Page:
I am really enjoying this journey of creating a Jayne Cobb hat for T. If you haven't been following, and are interested in the process , you can read the series of posts:
Yarn for the Jayne Cobb Hat:
Jayne Hat started:
Jayne Hat earflaps:
Jayne Hat earflaps continued:
Pom-Pom minor update (scroll down):
Jayne Cobb Hat completed:
I had mentioned wanting to try the Long-Tail Cast-On (LTCO) for this hat. So I started with the LTCO -- my very first time doing this! -- and as I was adding stitches I could tell right away that this was a much looser cast-on than my usual Cable Cast-On (CCO). I was aiming for my usual 96 stitches thinking I'd probably add more because this will be a guy's hat and would therefore need to be larger. I knew I would never make it to 96 sts when I thought the hat was plenty large at 84 sts. I increased it to 90 sts just to be safe since the hat needs to fit T.
Now I normally dislike casting on 90 sts for a hat because that precludes using a K2P2 ribbing. I didn't want to do K1P1 ribbing, so I started to do K3P2 ribbing (not sure why I chose K3P2 over K2P1, it all really depends on my mood at the moment I start it). I didn't get very far. Somewhere along the way I discovered my join was twisted. I blame it on the LTCO. I never had this twisting problem when I joined in a round after doing a CCO. So off to the frog pond I went.
My 2nd attempt was made with a CCO. Although the CCO is a much slower process than the LTCO (I can see why the LTCO has so much appeal due to this speed), I enjoyed the familiarity of the CCO motion as I worked my needle between two stitch to create the next. I cast on 104 sts so that I could do a K2P2 ribbing. What you see above is this 2nd attempt, with the ribbing completed and maybe 1 row of stockinette started (although I can't be sure exactly where I was when this photo was taken).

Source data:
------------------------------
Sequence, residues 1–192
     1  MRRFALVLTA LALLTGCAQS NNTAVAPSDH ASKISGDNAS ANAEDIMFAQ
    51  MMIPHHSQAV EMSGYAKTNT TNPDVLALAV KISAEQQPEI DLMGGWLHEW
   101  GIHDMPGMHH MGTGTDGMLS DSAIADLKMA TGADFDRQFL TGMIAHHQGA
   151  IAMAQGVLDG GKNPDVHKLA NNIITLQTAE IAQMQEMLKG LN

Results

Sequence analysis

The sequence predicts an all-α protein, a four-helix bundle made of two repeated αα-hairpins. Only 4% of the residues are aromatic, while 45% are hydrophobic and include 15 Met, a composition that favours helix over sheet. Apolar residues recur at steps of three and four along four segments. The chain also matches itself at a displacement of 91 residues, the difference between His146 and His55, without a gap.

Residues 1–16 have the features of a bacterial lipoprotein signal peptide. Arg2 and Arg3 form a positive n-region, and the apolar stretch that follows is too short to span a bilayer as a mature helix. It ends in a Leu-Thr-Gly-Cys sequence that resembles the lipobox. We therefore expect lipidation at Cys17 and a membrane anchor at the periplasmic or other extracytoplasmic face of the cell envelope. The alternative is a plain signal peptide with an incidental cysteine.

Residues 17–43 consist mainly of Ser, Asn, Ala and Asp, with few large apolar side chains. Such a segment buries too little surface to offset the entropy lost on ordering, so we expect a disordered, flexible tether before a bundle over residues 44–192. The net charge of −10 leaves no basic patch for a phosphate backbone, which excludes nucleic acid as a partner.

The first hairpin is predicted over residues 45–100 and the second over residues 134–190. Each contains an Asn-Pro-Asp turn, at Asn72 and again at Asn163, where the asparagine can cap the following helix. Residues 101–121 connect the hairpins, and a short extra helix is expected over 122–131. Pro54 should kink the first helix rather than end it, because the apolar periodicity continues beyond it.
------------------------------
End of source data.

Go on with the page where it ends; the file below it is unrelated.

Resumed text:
After knitting around and around for a while, I could tell that I would need to frog it again. The fabric felt way too loose using US8 (5mm) needles. I could tell that this version of the hat would have been big enough to fit Jack In The Box. We couldn't have that. If you recall, I am using Highland Wool in these colors, and the label does state needle size US6-7.
So I started over, for my 3rd attempt, with US7 (4.5mm) needles tosee if I would get better results. I thought I might try casting on 102 stitches instead, working K2P1 ribbing, and doing a 6 swirl decrease. But I ended up casting on 104 again, partly to see what the difference would be between US8 and US7 needles, so I had to have the cast-on stitches be the same. I did the K2P2 ribbing and some stockinette. The hat still seemed way too large. Frog pond again.
4th attempt at this hat. I cast on less stitches, yet the hat is still on the large side. It would definitely be too large for me (I wear a ladies x-small or small size), so I'm hoping it should be large enough for a guy. I don't have much experience with knitting things to a specific finished size. My first attempt was the 12" square Devon Square, which sounds so simple but was really more challenging to do. And it's not like I see T very often and get to say, "Hey, try this on for size."
I think I'm ready to start decreasing the hat; it's about 7 inches tall here. If I were to do this over, I would knit 2 less rows of orange. I have a problem with stockinette hats, I just lose track of what I'm doing and will knit around and around forever until something is too long. I haven't yet decided what kind of decrease I will do. Quick? Gently tapering off? Peaked? I'll think about it tomorrow...